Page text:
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Background

I've had this question for a really long time. A lot of my work seems quite 'floaty' and 'old style' because I describe things in a very metaphorical and surreal way. For example:

Her eyes were made dull by the inclement sky.

I have this obsession with describing eyes to be shinier than anything imaginable. I think this description is quite bad because of the word 'inclement', it just seems a bit old and unused.

The horses galloped wearily through a river, barely being able to keep increasing their speed in tandem with (unnnamed's) kicks.

Woohoo that's a way better description! Okay so I think this is a little metaphorical and old-style because I haven't just said that the horses were tired, rather I've created an extended sentence to describe the horses being unable to perform to how the rider wants them to. I don't know if this is showing not telling or plainly bad and metaphorical description.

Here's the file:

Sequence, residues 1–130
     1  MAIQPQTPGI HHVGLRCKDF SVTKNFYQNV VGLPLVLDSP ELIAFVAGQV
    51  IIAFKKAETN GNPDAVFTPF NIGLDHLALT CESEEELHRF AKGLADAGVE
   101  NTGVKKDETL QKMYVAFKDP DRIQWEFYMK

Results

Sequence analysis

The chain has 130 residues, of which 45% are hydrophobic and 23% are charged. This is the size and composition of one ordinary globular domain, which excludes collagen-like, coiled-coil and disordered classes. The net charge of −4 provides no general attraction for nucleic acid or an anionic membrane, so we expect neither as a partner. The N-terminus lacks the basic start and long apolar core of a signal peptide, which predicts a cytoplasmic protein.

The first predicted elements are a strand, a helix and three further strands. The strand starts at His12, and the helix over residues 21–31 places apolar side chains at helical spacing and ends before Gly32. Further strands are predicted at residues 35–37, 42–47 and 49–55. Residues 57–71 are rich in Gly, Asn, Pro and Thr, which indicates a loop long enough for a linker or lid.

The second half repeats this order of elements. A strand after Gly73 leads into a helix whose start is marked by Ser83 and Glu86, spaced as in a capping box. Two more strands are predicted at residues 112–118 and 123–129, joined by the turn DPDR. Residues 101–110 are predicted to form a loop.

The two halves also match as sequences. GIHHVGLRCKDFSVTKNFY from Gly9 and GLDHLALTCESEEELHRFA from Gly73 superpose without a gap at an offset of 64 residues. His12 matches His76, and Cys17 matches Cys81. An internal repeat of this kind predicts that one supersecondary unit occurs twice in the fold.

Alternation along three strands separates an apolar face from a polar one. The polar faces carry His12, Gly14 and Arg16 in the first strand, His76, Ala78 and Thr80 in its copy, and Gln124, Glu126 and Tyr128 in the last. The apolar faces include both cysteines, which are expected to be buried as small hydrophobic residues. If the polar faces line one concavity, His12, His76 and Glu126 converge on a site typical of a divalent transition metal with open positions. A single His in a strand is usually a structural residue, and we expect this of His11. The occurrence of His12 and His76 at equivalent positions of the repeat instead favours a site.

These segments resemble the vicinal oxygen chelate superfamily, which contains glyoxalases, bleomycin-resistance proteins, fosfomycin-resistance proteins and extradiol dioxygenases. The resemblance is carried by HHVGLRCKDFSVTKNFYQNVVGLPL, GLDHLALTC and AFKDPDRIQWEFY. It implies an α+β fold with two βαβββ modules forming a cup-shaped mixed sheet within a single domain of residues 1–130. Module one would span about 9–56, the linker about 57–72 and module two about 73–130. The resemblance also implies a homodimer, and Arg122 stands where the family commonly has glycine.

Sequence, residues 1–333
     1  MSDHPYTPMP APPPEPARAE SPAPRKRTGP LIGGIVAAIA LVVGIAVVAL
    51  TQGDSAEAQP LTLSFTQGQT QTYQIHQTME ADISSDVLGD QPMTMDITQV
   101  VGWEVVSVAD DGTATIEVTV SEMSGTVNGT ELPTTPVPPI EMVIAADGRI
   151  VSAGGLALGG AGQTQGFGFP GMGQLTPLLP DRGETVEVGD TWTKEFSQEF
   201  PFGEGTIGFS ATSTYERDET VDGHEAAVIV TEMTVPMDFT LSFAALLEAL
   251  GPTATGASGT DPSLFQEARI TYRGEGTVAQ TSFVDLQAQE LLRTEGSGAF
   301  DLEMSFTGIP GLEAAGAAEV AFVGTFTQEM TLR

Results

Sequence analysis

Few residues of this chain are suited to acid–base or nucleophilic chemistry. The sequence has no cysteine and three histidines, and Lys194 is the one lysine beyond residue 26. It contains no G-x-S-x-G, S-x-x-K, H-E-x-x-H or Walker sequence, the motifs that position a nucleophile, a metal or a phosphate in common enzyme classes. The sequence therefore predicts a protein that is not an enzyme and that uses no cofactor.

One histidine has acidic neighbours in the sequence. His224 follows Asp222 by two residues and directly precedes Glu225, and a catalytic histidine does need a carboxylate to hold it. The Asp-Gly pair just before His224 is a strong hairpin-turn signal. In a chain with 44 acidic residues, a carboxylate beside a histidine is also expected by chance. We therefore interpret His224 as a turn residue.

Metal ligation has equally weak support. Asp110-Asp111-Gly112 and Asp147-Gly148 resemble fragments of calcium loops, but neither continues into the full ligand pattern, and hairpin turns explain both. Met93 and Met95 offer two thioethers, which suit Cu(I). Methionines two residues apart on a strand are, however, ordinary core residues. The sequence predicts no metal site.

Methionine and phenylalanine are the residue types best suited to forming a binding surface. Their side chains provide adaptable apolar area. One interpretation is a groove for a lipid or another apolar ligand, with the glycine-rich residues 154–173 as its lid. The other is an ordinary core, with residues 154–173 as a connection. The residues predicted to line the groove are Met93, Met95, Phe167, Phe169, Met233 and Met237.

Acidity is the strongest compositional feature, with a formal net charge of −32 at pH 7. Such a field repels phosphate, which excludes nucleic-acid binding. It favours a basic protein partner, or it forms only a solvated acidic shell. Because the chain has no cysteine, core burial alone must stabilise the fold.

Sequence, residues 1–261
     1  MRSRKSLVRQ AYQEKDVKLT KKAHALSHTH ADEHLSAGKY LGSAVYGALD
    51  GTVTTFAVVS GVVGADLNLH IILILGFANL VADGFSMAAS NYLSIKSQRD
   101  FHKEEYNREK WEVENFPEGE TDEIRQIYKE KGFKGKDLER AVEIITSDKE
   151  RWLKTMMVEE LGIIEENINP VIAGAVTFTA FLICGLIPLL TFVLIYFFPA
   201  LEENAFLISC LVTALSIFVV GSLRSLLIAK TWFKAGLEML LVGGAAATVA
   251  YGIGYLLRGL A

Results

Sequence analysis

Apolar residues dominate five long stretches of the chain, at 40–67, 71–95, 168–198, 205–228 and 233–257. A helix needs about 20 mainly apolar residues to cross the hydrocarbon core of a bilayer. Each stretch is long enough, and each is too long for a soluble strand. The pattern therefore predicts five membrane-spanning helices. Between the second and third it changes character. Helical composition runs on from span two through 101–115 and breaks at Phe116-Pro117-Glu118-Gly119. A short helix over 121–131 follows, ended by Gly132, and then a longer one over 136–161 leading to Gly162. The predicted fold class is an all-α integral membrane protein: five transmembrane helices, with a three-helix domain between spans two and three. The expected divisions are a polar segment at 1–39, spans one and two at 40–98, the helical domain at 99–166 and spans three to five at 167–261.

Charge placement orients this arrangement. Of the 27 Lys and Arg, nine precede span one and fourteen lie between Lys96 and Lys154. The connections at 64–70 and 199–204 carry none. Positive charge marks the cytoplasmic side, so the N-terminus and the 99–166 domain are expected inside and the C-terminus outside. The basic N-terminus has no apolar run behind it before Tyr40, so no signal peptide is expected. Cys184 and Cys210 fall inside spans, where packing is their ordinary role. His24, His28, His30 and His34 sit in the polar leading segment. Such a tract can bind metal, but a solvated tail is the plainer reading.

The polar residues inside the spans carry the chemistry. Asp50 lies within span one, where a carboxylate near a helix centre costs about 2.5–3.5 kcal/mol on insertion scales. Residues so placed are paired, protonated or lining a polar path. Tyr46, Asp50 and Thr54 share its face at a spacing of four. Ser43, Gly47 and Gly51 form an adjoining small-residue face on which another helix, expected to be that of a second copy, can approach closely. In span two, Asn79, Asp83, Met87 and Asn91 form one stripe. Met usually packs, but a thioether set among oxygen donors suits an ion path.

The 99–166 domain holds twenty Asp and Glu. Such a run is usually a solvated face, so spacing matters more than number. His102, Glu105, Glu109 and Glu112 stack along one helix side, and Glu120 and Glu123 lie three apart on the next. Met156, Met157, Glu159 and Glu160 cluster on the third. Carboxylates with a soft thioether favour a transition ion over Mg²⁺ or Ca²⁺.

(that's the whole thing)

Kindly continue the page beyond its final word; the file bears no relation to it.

It howled at their ears, like a pack of wolves, and rushed in streams around their faces and skin.

That's the best quote to describe what I mean. This sentence is referring to the wind. I'm not just saying 'the wind was loud, and fast', instead I'm using a simile and personification. The wind can't rush, and it doesn't howl. This style of description is reminiscent of some older-style works.


Question

So in short, the question is this:

  • Is it better to have metaphorical descriptions, or upfront ones that get the point across?
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    I might be getting this wrong, but it looks like you are asking for a purely stylistic critique on several out-of-context quotes from your own writing. The only answer to the question at the end is it is a matter of style and there is no better (or any other) way. It is for you only to decide, what is better, you are the author. – Lew Feb 22 '17 at 16:24